|by Jason Steele|
With Halloween around the corner, it is a good time to be alert for scary stories. This year, there is a lot of frightening news in the business section of the newspaper.
Financial Crisis Hits Credit Cards
We all knew it would be coming. Anecdotal evidence from postings over at FlyerTalk indicate more people are being hit with a “financial review” from their credit card company these days. Today, the New York Times has a lengthy article discussing how credit card companies may follow the mortgage industry as the next victim of the credit crunch. The article points to the credit card companies restricting credit on several fronts.
Raising interest rates
This is an obvious consequence of tightening credit markets. As a reward credit card aficionado, this does not directly affect me personally. On the other hand, I know that people like myself, who have been able to successfully avoid paying interest on my credit cards, are probably in the minority.
Reduced Credit Limit
Card companies are reducing credit limits on card holders. Again, perhaps I am in the minority, but I almost never approach the limit on a single card, and if I do, I have several other backups. The last time this happened was when we bought our house. We budgeted, and spent, tens of thousands of dollars on renovations. At one point I even paid off part of my balance before the due date in order to stay below my credit limit and rack up more reward points. Those of you who are forced to finance your daily lives on credit cards have yet another good reason to curtail that tenuous arrangement.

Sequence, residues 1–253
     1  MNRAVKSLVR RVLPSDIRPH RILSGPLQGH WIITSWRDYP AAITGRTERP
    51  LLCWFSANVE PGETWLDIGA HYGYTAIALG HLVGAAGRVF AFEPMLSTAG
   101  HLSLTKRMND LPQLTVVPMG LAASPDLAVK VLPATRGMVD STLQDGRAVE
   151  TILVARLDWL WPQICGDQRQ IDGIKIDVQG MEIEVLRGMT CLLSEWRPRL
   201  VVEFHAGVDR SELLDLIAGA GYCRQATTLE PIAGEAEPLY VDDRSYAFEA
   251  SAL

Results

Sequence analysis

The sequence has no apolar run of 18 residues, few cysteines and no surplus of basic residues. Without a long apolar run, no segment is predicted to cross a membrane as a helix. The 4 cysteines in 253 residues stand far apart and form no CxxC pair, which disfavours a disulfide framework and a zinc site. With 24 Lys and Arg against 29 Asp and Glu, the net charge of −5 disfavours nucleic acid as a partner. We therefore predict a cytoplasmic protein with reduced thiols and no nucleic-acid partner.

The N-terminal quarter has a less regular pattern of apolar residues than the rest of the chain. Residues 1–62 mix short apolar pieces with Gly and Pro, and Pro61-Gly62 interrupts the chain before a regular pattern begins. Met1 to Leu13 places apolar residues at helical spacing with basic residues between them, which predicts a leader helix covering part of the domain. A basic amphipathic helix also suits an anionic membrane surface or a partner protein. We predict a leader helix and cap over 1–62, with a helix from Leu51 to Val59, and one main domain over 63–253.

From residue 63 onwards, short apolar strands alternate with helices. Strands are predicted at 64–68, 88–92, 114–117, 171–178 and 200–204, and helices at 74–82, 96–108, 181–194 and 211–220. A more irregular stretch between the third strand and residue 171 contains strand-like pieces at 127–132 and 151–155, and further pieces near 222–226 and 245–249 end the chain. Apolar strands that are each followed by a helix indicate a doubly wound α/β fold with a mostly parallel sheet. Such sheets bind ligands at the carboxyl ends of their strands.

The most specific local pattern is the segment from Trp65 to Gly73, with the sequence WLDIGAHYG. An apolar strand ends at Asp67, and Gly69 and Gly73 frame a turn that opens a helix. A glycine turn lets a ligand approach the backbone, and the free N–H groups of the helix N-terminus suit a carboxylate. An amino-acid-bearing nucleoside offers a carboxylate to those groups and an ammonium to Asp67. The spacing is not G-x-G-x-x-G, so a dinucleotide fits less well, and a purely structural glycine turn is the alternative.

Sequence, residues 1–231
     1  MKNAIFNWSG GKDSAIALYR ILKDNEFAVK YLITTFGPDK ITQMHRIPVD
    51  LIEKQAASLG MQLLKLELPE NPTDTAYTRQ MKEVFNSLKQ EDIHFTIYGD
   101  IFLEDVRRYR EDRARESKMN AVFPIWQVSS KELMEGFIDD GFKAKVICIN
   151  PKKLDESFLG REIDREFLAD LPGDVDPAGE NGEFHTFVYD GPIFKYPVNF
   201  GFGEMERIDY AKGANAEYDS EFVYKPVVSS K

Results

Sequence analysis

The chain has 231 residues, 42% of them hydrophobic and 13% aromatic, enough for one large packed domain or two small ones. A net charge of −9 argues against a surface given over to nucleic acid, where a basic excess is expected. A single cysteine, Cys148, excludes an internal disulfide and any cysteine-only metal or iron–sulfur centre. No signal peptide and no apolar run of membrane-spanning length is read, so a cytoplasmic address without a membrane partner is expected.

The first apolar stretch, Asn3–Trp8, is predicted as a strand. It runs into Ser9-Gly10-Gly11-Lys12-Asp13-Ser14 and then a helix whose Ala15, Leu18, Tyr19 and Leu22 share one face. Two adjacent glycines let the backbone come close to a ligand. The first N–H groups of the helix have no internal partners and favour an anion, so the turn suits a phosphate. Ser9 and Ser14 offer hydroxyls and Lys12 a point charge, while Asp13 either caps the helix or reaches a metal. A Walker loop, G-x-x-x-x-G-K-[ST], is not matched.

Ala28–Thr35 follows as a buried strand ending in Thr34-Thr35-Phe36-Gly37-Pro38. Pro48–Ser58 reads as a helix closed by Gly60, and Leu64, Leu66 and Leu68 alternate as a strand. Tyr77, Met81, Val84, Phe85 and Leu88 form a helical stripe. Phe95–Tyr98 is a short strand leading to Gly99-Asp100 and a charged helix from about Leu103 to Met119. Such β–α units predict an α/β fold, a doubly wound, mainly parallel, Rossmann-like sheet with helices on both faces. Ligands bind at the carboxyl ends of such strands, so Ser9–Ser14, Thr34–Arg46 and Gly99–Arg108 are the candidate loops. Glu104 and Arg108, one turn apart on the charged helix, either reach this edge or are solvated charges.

Fewer Promotional Offers
Thankfully, I have not seen any decline in reward card sign up bonuses, but it does seem like there are fewer 0% APR promotion offers. I have never been bold enough or organized enough to attempt an introductory rate arbitrage play. That is when you borrow money at 0%, and then deposit it in an interest bearing account. The account is then used to pay of the card, and the interest earned is yours to keep. Proponents of this scheme are likely to be disappointed in the near future.
The article states that: “Some reward programs have also gotten stingier as lenders cut corners to save money. Card companies, for example, have taken to substituting cheaper brands for a Sony big-screen television as a way of lowering the cost of their redemption prizes.”
To me, it is hard to distinguish the natural devaluation of reward programs from any changes that are being made directly as a result of the current financial crisis.
The article does mention that fees are unlikely to go up substantially this year, as they have in the past. This is due to the fact that fees are already pretty high, and there is a lot of legislative scrutiny going on in light of the proposed credit card bill of rights.
Another piece of good news is that you are likely to receive fewer credit card offers by mail. I hate these, and have always asked the credit bureaus to opt me out of pre-screened offers. Unfortunately, I have always received plenty of these offers in the mail. For example, we used to receive an offer from the Chase/United airlines card once a week that continued long after we actually received the card!
OK, Maybe That Wasn’t So Scary
If you really want to have nightmares, just read Jenna’s story on First Premier!